Auditors say Housing and Urban Development didn't properly account for purchases of computer equipment.
The Department of Housing and Urban Development did a poor job of managing and accounting for purchases of computers and related equipment over a three-year period, according to congressional auditors.
In reviewing HUD's internal accountability systems and controls during fiscal years 2001, 2002 and 2003, the General Accounting Office found that department officials consistently failed to record computer equipment purchases in its asset management system, adequately maintain or reconcile records, and conduct regular inventory checks of the locations and quantities of the equipment.
Unless the department addresses its weaknesses, GAO's report states that accountability over existing computer equipment "will remain problematic and these assets will continue to be vulnerable to loss or misappropriation."
In reviewing selected computer equipment purchases from four key vendors, GAO identified nearly 2,400 computer items, representing more than $2.2 million in value, that were not recorded in HUD's asset management system, called FIRMS (Facilities Integrated Resource Management System). Ultimately, department officials could not provide the locations for 104 items, collectively worth more than $82,000.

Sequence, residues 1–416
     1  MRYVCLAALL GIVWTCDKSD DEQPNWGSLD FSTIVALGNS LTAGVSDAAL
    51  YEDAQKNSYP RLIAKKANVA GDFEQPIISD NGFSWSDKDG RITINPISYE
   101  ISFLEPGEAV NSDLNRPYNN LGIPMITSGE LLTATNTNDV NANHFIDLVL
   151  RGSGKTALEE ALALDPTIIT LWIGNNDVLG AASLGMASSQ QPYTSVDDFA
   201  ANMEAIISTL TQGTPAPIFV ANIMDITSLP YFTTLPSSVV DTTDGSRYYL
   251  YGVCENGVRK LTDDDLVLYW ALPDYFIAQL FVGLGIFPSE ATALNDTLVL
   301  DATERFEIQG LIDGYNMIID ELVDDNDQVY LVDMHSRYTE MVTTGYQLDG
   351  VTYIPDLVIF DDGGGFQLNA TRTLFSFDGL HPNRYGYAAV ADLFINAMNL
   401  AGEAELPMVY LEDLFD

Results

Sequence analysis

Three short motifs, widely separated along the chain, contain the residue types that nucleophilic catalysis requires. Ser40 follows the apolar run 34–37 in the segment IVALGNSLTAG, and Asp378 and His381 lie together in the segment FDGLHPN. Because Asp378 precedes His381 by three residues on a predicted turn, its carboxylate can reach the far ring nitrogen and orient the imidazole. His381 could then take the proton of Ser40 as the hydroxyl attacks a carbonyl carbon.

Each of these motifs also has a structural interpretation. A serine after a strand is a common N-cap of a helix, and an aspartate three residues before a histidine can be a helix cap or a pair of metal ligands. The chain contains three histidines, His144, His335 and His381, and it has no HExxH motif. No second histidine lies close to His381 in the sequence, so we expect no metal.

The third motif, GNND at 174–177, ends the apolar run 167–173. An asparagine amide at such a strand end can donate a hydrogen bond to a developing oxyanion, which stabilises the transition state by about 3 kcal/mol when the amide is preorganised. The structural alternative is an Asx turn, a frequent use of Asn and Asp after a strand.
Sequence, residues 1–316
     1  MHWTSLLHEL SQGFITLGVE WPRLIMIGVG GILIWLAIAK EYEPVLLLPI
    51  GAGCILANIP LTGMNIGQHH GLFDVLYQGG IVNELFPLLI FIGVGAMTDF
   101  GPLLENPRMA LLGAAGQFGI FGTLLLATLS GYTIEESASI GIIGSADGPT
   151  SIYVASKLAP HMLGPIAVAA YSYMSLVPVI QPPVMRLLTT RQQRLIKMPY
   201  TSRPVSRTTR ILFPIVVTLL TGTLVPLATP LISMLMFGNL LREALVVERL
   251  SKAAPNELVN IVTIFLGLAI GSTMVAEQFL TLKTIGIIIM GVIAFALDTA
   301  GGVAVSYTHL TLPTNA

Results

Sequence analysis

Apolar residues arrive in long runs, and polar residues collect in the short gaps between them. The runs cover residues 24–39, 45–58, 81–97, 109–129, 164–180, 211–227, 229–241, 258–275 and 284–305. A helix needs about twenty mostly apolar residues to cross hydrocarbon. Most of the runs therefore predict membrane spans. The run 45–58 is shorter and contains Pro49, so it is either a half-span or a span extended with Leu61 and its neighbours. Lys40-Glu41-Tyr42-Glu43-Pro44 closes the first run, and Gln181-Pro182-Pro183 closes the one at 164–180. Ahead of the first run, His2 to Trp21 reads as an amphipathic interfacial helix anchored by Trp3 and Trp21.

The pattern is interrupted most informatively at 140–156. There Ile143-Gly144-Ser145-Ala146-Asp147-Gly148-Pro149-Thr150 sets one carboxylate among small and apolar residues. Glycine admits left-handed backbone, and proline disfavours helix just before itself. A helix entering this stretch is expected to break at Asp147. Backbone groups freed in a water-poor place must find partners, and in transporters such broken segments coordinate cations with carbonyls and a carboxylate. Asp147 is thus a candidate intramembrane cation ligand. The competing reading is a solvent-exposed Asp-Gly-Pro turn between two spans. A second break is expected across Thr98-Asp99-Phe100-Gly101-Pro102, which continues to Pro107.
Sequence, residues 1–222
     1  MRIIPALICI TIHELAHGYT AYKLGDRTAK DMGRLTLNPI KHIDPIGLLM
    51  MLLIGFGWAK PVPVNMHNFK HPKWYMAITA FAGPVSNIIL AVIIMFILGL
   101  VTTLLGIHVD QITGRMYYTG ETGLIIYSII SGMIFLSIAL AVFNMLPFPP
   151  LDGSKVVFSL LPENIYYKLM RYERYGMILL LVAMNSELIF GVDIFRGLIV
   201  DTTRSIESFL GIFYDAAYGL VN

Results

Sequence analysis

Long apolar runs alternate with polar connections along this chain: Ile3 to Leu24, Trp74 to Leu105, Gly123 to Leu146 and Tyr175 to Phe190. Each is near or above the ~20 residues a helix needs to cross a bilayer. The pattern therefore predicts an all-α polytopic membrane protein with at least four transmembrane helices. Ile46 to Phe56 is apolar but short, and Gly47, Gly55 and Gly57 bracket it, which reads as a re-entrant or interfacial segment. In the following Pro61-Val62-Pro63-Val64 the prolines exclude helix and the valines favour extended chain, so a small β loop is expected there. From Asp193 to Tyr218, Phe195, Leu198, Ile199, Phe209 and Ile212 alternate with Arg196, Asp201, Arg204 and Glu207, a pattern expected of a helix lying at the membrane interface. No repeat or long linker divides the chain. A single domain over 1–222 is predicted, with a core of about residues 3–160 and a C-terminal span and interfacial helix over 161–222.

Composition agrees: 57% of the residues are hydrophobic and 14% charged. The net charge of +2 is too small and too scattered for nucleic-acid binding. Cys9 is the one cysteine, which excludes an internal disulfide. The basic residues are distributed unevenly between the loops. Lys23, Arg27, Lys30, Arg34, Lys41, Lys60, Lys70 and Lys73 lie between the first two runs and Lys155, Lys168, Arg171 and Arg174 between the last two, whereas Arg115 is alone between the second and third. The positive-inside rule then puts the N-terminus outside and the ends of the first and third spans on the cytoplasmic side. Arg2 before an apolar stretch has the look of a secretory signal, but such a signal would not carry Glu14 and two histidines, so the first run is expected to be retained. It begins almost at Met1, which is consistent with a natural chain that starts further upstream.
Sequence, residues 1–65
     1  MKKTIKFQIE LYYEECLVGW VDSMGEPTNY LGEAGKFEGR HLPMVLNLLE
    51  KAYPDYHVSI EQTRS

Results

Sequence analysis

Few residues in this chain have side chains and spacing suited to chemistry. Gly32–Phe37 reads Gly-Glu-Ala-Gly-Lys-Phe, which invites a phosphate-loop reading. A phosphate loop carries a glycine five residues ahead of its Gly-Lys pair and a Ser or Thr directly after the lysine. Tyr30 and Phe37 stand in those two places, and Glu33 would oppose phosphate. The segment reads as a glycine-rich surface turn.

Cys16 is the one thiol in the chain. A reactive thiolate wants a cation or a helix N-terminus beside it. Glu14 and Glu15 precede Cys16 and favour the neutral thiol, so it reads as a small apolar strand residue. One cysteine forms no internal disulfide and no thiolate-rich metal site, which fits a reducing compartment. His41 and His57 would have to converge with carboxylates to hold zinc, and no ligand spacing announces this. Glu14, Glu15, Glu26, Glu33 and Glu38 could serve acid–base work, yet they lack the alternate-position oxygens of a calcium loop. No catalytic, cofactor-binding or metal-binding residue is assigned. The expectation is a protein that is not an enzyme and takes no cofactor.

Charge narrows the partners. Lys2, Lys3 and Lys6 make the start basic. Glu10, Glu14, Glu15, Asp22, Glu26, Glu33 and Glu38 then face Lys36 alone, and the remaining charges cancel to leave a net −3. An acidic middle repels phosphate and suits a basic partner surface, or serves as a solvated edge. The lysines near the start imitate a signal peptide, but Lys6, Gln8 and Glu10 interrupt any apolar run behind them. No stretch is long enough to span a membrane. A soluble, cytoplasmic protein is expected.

Partly to blame for the problem is the fact that such equipment was bought using government purchase cards. However, HUD awarded an $860 million information technology contract to EDS last August to consolidate all information processing, telecommunications and other IT needs on an enterprise basis. GAO's report states that one contractor should simplify the process, but the department still needs to reconcile FIRMS with the general ledger for disposal and depreciation activity as well as verify accountability.
Incidentally, the HUD Information Technology Services (HITS) contract is being contested by Lockheed Martin Corp., and EDS has also filed a new protest.
GAO issued seven recommendations, including:
Educating department employees abut policies and procedures for recording computer equipment purchases.
Follow up and determine the locations of 104 items not recorded in FIRMS.
Establish specific requirements to records maintenance in locating computer equipment.
Do quarterly reconciliation of both capitalized and noncapitalized computer equipment purchases in FIRMS.
Separate accountable equipment purchases from nonaccountable purchases in the general ledger to help reconcile the process.
Update FIRMS to reflect recently updated physical inventory.
Perform a complete and accurate physical inventory of computer equipment annually and update FIRMS as needed to reflect that.
In response to the report, Vickers Meadows, HUD's assistant secretary for administration, wrote that the department concurred with the findings and recommendations and that the responsible agencies will collaborate to reconcile FIRMS with the centralized accounting system.
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